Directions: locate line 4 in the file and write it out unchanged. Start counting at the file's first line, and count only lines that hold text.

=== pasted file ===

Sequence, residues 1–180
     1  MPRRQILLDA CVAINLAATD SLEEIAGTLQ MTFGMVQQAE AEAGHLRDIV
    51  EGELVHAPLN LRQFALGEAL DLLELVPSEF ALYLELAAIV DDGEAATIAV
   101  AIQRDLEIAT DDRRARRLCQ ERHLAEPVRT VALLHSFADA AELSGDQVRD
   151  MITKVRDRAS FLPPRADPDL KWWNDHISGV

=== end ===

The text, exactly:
   101  AIQRDLEIAT DDRRARRLCQ ERHLAEPVRT VALLHSFADA AELSGDQVRD